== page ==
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Summary:

Can the market sustain umpteen different OpenStack cloud flavors plus Eucalyptus plus CloudStack plus OpenNebula? Inquiring minds want to know.

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How has the open-source cloud landscape changed in the last two years? There’s certainly been a lot of moving and shaking, but how much traction has there been in terms of corporate deployment?

That’s one huge question that Eucalyptus CEO Marten Mickos, Citrix Group VP Sameer Dholakia and Nebula founder Chris Kemp will be asked about at Structure next month.

Two years ago at the same event, the three execs agreed that the world is very early into the cloud era — Dholakia put us in the second inning. And they went on to debate, rather passionately, about the nature of closed and open clouds and the value of Amazon Web Services API support to the rest of the ecosystem. One panelist even cast doubt on whether two of the three would even still be in the game in a year or two. It got a little heated, but there was a nice “hug it out” moment at the end.

group hug

Between them, the panelists represented (and still represent)  three open-source cloud camps — Eucalyptus focuses on AWS-compatible private cloud infrastructure; Citrix nurtured CloudStack, now an Apache Foundation project; and Nebula offers an OpenStack-based appliance that can drop into existing data centers or server rooms. Kemp was formerly CTO of NASA and thus one of OpenStack’s founding fathers.

Here’s what I’d like to hear from these guys this time out, taking some cues from their previous Structure talk:

  • 1: How many open-source clouds will the market truly support? Demand may be big for cloud — but is there really room for 6 or 7 flavors of OpenStack plus CloudStack plus Eucalyptus plus OpenNebula? What’s the likelihood of consolidation in the next year?
  • 2: Does everyone now agree that supporting the Amazon’s cloud APIs is critical even if some think AWS is, as Kemp described it, “the Walmart of cloud” in that it is “reasonably fast, reasonably secure, reasonably priced, reasonably performant” but not super great at any of those things.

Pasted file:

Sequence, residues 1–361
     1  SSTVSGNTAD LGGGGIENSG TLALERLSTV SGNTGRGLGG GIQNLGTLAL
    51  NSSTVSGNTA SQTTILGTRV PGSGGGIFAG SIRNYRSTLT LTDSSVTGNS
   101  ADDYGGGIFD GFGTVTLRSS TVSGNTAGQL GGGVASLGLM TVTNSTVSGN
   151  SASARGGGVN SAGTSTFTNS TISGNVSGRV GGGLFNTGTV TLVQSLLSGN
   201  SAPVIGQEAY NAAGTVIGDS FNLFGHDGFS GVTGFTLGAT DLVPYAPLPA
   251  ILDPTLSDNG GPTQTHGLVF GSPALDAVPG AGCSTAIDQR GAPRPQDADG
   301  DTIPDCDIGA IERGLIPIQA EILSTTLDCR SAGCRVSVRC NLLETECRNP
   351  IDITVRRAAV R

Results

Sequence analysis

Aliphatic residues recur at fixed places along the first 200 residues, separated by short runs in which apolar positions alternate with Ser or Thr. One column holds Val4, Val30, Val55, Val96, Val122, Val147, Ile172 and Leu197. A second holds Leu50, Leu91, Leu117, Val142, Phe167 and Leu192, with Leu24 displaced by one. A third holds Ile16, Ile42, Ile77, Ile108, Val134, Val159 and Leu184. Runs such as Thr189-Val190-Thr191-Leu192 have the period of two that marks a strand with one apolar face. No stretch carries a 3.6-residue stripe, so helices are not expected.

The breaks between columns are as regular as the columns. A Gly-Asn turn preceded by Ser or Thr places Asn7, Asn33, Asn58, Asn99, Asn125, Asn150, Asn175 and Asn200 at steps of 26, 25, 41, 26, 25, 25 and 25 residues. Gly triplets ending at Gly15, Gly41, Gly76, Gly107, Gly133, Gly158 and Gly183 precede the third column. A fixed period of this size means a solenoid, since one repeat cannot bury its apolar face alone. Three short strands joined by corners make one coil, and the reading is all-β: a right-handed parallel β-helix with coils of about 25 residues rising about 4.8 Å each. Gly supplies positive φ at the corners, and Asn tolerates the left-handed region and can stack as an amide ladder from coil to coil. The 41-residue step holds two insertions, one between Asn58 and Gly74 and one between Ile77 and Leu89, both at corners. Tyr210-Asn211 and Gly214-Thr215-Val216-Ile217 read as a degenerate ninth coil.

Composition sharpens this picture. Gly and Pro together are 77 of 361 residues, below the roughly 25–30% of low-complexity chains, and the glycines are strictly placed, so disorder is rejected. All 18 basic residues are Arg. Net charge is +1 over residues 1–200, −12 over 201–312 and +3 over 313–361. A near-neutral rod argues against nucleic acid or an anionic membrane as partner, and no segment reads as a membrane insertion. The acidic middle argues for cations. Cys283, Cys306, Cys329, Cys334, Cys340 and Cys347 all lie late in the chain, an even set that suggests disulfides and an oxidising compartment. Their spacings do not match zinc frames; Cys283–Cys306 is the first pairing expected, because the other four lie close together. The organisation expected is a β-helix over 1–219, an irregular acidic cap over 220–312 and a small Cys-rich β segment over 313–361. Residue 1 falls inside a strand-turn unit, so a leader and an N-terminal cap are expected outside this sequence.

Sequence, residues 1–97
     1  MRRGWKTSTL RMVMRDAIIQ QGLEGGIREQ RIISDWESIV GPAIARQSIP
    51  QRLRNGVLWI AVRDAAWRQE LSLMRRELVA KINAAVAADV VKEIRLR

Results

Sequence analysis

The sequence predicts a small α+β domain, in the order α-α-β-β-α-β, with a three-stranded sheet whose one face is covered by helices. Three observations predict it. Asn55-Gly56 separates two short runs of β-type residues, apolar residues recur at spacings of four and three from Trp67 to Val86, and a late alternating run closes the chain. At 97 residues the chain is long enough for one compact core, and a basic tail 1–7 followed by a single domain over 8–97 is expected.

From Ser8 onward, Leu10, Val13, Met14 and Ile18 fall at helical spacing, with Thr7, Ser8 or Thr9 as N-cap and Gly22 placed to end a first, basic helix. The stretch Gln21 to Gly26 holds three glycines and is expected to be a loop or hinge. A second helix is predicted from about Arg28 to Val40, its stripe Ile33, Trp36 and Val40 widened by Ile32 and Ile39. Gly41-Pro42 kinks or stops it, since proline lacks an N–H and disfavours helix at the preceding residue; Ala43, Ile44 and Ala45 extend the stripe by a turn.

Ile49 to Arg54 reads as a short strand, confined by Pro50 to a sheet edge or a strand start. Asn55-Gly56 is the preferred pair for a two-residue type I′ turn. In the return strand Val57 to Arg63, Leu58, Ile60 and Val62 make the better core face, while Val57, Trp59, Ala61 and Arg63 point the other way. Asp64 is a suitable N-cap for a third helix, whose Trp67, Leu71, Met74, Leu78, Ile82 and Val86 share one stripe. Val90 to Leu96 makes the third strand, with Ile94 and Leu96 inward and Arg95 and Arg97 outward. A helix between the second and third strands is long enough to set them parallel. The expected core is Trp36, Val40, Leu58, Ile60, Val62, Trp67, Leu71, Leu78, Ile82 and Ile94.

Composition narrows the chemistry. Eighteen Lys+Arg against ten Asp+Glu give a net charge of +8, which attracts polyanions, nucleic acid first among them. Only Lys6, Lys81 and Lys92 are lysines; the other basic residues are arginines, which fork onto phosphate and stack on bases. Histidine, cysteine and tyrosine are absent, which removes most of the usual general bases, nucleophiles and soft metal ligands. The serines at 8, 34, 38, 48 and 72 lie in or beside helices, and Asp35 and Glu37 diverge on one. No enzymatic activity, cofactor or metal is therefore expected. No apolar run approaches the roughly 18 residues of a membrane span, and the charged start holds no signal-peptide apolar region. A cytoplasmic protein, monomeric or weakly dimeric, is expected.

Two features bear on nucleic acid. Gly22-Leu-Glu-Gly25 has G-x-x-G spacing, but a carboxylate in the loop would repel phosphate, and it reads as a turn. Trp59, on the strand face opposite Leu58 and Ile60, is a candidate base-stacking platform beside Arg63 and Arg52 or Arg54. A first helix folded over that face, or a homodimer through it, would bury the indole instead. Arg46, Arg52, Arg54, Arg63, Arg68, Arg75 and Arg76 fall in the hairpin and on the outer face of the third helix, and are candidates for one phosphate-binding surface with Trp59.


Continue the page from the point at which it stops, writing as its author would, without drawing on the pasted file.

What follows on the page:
• 3: Who’s moving faster, AWS into enterprise “private” cloud — as evidenced by its CIA cloud work — or enterprise IT players — Microsoft, IBM, HP, VMware — into public cloud?
  • 4: Can any of the legacy IT powers — VMware with its near-monopoly of on-site server virtualization or Microsoft which is in nearly every data center — recreate that monopolistic power in cloud?
  • 5: Can telecom-rooted companies — Verizon, CenturyLink, AT&T parlay their network and bandwidth scale to break into the top tier of cloud providers?
  • 6: Is public cloud leader AWS more dominant now than it was two years ago, or are giant efforts by Google and Microsoft starting to make themselves felt? AWS isn’t the only one cutting prices these days, after all.
  • 7: Is OpenStack becoming the Linux of cloud —  a widely adopted set of compatible distributions from several vendors? Or is it the Unix of cloud — with too many slightly different versions available from different vendors?

So many questions and so little time. But we’ll make sure to leave time for another group hug once the dust clears.

 

  1. Steve Ardire Tuesday, May 6, 2014

    Damn that’s alot of girth on stage ;-)

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